How to Make-it-Work

European countries and the EU are committed to transitioning from a linear to a circular economy. Regulators have a critical role in facilitating this transition by encouraging industry to become more circular and promoting resource efficiency and the use of secondary raw materials. However, regulators face significant challenges in balancing the need to protect human health and the environment with the pressure to recover more materials from waste and prevent waste crimes. Proactively engaging with businesses and accurately applying legislation is demanding work for regulators, who also depend on good interaction with policymakers and lawmakers. In the regulatory cycle, policies and legislation provide a framework for regulators, and feedback from regulators can help improve policies and legislation. [2]

The transition to a circular economy requires businesses to innovate and adopt new processes, which can lead to economic, environmental, and legal uncertainties. Regulators play a vital role in facilitating circular innovations by enforcing different complex pieces of EU legislation, but they also face challenges, such as limited guidance or standards, a lack of suitable strategies, and insufficient support from management. Meanwhile, businesses respond to market constraints and opportunities as well as the regulatory environment, but may face regulatory inflexibility, uncertainty, and obstacles when importing or exporting materials. Additionally, policymakers and lawmakers need to make good use of the opportunities for circular thinking in the changing EU legislative landscape and be sensitive to feedback from regulators, providing support, guidance, and non-regulatory conditions to enable the right market conditions for secondary raw materials. Overall, it is crucial for regulators, businesses, and policymakers to work together to overcome the challenges and achieve the goal of a circular economy, which aims to reduce the use of natural resources and keep materials in the economy. [2]

Supporting regulators in enabling circular innovations

The objective of this guidance and handbook is to assist regulators in the following ways:

  • Gain a comprehensive understanding of the prospects and challenges related to EU environmental law.
  • Improve their organizational effectiveness by identifying suitable approaches.
  • Determine the necessary support required from policy and law-makers.
  • Develop a greater awareness of the requirements and concerns of innovative businesses.

The Make-it-Work guidance document should not be considered as a set of mandatory rules. Its purpose is to bring attention to important considerations and issues relevant to the implementation of the circular economy in practical terms. It presents a variety of effective and appropriate methods for authorities, based on successful practices from various Member States. Regulators, policy- and law-makers will apply distinct approaches based on their respective national or local circumstances, to comply with EU environmental regulations and facilitate the transition to a circular economy.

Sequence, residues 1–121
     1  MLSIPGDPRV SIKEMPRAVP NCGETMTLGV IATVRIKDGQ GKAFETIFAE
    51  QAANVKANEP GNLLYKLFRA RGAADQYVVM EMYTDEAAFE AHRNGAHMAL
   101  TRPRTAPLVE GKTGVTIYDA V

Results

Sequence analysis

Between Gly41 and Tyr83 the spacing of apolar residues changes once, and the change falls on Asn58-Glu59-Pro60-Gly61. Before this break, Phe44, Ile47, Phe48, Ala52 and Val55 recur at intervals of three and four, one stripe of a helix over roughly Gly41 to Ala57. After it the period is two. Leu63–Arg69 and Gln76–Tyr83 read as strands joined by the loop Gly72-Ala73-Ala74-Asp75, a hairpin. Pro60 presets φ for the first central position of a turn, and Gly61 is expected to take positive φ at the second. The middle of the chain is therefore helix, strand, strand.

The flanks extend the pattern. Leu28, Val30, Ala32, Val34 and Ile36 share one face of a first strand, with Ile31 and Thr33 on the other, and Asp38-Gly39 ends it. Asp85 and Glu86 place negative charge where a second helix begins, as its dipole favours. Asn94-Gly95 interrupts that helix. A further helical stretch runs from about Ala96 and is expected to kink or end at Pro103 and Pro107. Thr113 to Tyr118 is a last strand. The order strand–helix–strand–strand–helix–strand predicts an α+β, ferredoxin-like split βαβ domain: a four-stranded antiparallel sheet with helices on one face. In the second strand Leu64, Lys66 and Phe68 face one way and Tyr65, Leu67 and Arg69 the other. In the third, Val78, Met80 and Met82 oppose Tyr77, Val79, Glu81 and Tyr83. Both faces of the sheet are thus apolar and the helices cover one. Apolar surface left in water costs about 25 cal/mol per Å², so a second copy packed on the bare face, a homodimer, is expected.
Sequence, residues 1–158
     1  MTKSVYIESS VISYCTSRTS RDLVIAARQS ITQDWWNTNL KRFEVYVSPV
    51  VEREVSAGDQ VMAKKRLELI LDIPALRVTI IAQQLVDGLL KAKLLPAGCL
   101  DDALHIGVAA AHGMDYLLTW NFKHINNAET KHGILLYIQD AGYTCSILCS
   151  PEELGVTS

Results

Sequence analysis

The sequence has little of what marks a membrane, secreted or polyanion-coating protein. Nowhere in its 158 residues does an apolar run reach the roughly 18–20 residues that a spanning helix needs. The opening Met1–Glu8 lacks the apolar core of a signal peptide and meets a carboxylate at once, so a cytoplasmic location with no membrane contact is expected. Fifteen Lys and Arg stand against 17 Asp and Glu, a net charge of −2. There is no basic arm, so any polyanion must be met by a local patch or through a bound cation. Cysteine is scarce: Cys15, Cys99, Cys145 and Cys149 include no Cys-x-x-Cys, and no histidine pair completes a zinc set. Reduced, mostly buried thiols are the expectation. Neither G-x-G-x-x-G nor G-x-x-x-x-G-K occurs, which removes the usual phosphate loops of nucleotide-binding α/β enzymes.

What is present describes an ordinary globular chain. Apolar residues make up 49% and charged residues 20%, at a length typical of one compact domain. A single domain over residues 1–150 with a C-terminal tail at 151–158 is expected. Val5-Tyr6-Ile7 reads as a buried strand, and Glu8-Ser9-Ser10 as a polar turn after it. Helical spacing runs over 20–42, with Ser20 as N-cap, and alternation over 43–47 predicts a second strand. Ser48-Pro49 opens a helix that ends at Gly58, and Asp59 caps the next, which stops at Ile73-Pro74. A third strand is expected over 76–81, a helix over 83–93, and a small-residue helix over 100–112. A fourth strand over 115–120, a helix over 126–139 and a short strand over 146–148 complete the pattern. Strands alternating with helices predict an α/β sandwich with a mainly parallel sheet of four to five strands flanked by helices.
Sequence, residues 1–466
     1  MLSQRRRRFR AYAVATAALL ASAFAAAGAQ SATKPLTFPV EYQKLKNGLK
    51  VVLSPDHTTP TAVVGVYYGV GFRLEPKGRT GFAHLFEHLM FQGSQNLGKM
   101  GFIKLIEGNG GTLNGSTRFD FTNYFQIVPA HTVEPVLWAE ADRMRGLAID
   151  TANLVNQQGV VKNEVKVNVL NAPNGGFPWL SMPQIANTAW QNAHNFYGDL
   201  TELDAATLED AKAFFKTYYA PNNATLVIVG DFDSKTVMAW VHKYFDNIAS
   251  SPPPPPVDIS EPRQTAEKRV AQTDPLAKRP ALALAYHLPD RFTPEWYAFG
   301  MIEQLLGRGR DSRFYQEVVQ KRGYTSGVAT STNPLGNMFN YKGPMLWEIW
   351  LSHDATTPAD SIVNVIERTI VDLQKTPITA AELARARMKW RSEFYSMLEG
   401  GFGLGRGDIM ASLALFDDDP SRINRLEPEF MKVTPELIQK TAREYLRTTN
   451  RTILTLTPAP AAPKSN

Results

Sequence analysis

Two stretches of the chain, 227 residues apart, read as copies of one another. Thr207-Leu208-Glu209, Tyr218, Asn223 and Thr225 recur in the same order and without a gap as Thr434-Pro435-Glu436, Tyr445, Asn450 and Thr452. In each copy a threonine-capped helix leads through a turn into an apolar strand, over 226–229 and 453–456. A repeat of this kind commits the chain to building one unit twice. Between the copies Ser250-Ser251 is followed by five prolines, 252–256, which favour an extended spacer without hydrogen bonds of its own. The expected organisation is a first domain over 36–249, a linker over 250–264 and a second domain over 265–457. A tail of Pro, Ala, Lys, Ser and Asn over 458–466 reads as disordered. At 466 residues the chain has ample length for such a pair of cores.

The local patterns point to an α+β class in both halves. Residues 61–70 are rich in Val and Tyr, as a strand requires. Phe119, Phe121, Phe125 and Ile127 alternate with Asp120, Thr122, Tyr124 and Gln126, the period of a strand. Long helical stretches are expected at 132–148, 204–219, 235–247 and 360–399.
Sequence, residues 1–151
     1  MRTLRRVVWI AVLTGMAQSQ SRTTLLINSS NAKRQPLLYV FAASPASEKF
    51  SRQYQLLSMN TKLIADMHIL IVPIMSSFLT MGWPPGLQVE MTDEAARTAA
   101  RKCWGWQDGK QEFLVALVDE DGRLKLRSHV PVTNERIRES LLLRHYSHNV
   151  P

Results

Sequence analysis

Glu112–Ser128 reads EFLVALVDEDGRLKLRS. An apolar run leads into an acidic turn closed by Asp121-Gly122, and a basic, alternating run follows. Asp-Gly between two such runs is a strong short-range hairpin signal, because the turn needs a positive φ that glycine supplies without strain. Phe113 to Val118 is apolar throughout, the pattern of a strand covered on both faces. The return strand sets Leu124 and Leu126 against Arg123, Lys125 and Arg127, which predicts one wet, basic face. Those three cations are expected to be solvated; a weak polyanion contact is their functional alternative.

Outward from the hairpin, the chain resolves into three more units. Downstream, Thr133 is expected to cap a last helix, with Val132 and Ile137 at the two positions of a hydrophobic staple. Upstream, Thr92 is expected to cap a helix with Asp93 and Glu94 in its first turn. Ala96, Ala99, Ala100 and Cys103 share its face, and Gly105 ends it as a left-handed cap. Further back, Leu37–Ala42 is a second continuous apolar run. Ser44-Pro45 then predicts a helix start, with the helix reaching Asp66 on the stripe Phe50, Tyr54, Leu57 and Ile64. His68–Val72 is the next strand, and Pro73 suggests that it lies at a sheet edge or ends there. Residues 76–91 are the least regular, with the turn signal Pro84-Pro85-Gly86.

The document provides concrete examples for illustration purposes throughout the guidance, and readers interested in learning more about these examples are encouraged to contact the project leaders. [2]


The Waste Management and Circular Economy projects by IMPEL are a notable step towards standardizing waste management practices and making the circular economy work in Europe. The project's guidance documents, tools, and training materials aim to support regulators, policy and law-makers, and businesses in fulfilling their roles in circular innovation.

The transition to a circular economy requires the collaboration of regulators, policymakers, and businesses, and it is essential to create a common understanding and standardized waste management practices across Member States.

However, this transition also requires overcoming the complexity and challenges of balancing the need to protect human health and the environment with the pressure to recover more materials from waste and prevent waste crimes. Therefore, as is true for all industry branches, it is incumbent upon all of us in the ELT sector to engage in public-private collaborations, encourage innovation, and continuously learn from findings to achieve maximum environmental benefits. Ultimately, the commitment and courage to push forward while balancing environmental benefits with regulatory compliance can lead to a successful transition to a circular economy.


[1] IMPEL – Handbook “Cooperation in the field of environmental inspection and certification of environmental management systems”, 2022, Link

[2] IMPEL – Making the Circular Economy work, Guidance for regulators on enabling for the circular economy, 2019, Link